Om Vishnupad 108 Tridandi Swami Sri Srimat Bhakti Sravan Tirtha Goswami Maharaj ki Jai !!


Sri Narasimha (Nrisingha; Narsingh) lit. ‘man-lion’ is the fourth manifestation of Lord Vishnu and one of Hinduism's most awe-inspiring deities.

Lord Narasimha having a human-like torso and lower body, with a lion-like face and claws is widely worshipped in deity form by a number of Vaishnava sects. He is known primarily as the 'Great Protector' who specifically defends and protects his devotees in times of dire need.

There are references to Sri Narasimha in a variety of puranas, with seventeen different versions of the main narrative being the appearance of the Lord in a very angry aspect out of a pillar in the palace of the demon Hiranyakshipu, for the protection of his devotee, the child Prahalad.

Bhagavan Narasimha and Prahlad

The Bhagavata Puran describes that in his previous appearance as Varaha the divine boar, Lord Vishnu killed the asura Hiranyaksha, the older brother of Hiranyakashipu, who then wanted revenge on Lord Vishnu and his followers.

Hiranyakashipu undertook many years of severe austerity to obtain superhuman powers to enable him to defeat Lord Vishnu.  Lord Brahma thus offers the demon a boon and Hiranyakashipu asks for immortality. Brahma tells him this is not possible, as all created things, including living being, are inevitably destined to an end.

Then Hiranyakashipu, asks for a number of conditions tied to his own death, which virtually render him immortal.

“O my lord, O best of the givers of benediction, if you will kindly grant me the benediction I desire, please let me not meet death from any of the living entities created by you.

Grant that I not die within any dwelling or outside of it; during the daytime or at night, nor on the ground or in the sky. Grant me that my death cannot be brought about by any weapon, nor by any human being or animal.

Grant me further that I not meet death from any entity, living or nonliving created by you. Again grant that I will not be killed by any demigod or demon or by any great snake from the lower planets. Since no one can kill you in the battlefield, you have no competitor. Therefore, grant me the benediction that I too may have no rival. Give me sole lordship over all the living entities and presiding deities, and give me all the glories obtained by that position. Furthermore, give me all the mystic powers attained by long austerities and the practice of yoga, for these cannot be lost at any time.”

Lord Brahma said, "Tatha asthu" (So be it) and disappeared. Hiranyakashipu was happy thinking that he had won over death.

Earlier while Hiranyakashipu was away undergoing austerities at Mandaracala Mountain for his boon, his kingdom was attacked by Indra and the demigods. At this point the divine sage Narada arrives just as the victors are about to kill Hiranyakashipu’s pregnant wife. The sage intervenes to protect Kayadu, whom he describes as 'sinless'.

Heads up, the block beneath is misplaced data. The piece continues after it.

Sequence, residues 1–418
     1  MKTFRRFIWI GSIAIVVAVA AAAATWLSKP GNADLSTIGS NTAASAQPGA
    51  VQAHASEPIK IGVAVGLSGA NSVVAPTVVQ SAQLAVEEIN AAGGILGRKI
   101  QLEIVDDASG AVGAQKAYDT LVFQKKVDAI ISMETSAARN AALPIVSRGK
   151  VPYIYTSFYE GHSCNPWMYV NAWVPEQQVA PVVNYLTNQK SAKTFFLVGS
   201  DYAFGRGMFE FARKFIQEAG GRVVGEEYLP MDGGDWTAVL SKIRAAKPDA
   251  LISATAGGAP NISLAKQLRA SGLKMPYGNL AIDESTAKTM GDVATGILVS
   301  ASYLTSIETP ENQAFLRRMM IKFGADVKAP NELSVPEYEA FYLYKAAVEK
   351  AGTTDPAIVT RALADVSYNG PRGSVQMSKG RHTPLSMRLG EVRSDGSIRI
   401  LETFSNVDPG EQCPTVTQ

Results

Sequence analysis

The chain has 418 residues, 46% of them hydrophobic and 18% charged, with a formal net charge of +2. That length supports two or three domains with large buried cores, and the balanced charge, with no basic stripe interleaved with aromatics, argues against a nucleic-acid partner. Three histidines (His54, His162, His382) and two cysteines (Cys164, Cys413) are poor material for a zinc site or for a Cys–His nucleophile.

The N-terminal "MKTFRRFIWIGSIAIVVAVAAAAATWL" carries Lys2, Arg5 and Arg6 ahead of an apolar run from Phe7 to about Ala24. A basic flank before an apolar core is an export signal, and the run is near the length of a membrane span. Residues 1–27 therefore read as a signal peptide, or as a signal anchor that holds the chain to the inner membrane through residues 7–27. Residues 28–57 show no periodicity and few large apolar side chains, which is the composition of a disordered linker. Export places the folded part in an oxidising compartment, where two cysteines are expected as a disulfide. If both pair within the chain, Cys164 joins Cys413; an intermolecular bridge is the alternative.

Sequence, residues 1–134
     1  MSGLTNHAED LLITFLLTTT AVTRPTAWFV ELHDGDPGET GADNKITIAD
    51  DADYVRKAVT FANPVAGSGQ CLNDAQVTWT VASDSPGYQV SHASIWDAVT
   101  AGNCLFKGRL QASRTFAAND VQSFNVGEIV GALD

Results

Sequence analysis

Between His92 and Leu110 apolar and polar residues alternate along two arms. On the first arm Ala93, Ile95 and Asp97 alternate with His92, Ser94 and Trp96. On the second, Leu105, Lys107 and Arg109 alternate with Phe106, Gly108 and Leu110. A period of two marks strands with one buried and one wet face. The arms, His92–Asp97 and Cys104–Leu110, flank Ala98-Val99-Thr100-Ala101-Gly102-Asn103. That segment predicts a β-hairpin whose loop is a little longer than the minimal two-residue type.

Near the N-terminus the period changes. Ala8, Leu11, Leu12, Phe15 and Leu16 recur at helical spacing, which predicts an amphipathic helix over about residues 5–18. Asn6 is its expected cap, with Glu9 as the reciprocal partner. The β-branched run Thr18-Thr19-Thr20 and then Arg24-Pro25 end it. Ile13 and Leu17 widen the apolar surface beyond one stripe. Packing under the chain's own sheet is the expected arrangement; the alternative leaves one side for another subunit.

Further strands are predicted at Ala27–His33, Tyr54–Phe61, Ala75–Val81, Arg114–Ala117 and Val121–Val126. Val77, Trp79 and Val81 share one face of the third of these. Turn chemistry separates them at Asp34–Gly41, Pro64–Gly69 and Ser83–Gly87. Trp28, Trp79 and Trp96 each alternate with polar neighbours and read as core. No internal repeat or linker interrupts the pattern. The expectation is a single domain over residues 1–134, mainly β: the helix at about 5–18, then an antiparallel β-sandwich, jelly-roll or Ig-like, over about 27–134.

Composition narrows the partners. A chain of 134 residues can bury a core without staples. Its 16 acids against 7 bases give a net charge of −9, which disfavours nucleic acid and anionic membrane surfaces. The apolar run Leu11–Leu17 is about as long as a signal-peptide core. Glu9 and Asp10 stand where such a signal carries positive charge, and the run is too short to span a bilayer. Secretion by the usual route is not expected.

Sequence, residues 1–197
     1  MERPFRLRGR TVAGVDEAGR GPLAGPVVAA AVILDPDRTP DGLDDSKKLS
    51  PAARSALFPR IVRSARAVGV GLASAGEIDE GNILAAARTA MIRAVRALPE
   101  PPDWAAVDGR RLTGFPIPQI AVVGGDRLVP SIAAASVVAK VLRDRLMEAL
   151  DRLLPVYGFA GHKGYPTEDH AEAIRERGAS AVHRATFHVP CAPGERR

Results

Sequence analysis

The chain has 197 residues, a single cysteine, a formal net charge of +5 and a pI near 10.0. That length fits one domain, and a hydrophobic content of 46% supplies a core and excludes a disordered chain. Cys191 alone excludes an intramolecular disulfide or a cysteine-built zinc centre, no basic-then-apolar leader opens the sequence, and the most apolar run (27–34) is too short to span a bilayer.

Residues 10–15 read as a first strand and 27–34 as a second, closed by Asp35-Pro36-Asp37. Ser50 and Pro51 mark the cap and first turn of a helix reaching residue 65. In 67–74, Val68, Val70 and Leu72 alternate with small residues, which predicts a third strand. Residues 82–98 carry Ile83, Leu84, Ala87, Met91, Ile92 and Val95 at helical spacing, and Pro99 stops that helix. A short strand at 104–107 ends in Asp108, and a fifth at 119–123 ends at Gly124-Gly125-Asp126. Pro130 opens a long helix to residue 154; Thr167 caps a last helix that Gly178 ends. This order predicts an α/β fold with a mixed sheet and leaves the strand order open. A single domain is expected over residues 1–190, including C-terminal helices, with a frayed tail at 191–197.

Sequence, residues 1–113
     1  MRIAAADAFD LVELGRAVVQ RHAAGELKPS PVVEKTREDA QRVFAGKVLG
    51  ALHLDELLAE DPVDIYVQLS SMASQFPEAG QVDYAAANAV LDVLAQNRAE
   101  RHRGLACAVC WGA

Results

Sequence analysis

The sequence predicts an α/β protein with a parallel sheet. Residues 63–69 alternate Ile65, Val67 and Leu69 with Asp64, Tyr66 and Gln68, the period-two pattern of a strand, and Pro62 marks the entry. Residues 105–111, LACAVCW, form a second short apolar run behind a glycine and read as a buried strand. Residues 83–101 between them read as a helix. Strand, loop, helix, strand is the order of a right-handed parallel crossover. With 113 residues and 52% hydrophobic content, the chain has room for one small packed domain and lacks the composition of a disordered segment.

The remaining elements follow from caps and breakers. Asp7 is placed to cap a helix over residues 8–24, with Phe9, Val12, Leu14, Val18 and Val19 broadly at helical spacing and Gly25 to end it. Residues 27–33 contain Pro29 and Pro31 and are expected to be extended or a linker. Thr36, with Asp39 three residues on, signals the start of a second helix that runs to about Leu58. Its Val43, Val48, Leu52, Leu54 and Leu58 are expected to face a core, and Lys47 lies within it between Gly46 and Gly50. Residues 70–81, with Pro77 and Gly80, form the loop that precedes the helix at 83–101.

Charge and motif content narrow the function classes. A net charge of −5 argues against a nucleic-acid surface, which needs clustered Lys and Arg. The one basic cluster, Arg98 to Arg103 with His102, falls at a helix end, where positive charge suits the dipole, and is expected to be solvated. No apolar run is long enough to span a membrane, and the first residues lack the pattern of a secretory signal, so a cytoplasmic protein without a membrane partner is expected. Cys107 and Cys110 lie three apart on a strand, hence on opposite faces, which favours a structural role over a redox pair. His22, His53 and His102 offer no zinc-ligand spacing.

Narada rishi takes Kayadu into his care and they go to his ashram. While under the guidance of Narada, her unborn child (Hiranyakashipu's son) Prahlad, hears the transcendental instructions of the sage even in his mother’s womb and comes to know about the greatness of the infallible Lord Sri Hari.

Thus, Prahlad later begins to show symptoms of this earlier training by Narada, gradually becoming recognised as a devoted follower of Vishnu, much to his father's disappointment.

When he returns after securing his boons, Hiranyakashipu is furious at the devotion of his son to Lord Vishnu, the killer of his brother and their sworn enemy. Finally, he decides kill the child, but each time he attempts to kill the boy, Prahlad is protected miraculously by Lord Vishnu's mystical power.

When asked, Prahlad refuses to acknowledge his father as the supreme lord of the universe and claims that Sri Hari Vishnu is the all-pervading and omniscient Lord.

"O most unfortunate Prahlad, you have always described a supreme being other than me, a supreme being who is above everything, who is the controller of everyone, and who is all-pervading. But where is He? If He is everywhere, then why is He not present here before me right now…?”

Prahalad calmly replies “But He is here father. There is no place where He isn’t”.  With mounting anger, Hiranyakashipu taunts his son while pointing to a nearby pillar and asks if 'his Vishnu' is in it. “Oh yes father, He is there” utters the boy with absolute faith.

Beside himself with rage, the ill-fated King takes his huge mace and smashes it into the pillar. The pillar cracks and a horrific roar is heard. Lord Narayana Vishnu in the form of Sri Narasimha – half man half animal – appears out of the pillar and pounces on Hiranyakashipu. 

The Lord is exceeding angry and after a fierce hand-to-hand fight, He grabs hold of the demon by the throat and drags him to the door.

In order to kill Hiranyakashipu and not upset the boon given by Brahma, the form of Narasimha is manifested on the spot.

Hiranyakashipu cannot be killed by human, demigod or animal. Narasimha is neither one of these as he is a form of Vishnu incarnate as a part-human, part-animal. He comes upon Hiranyakashipu at twilight (when it is neither day nor night) on the threshold of a courtyard (neither indoors nor out), and puts the demon on his lap (neither earth nor space).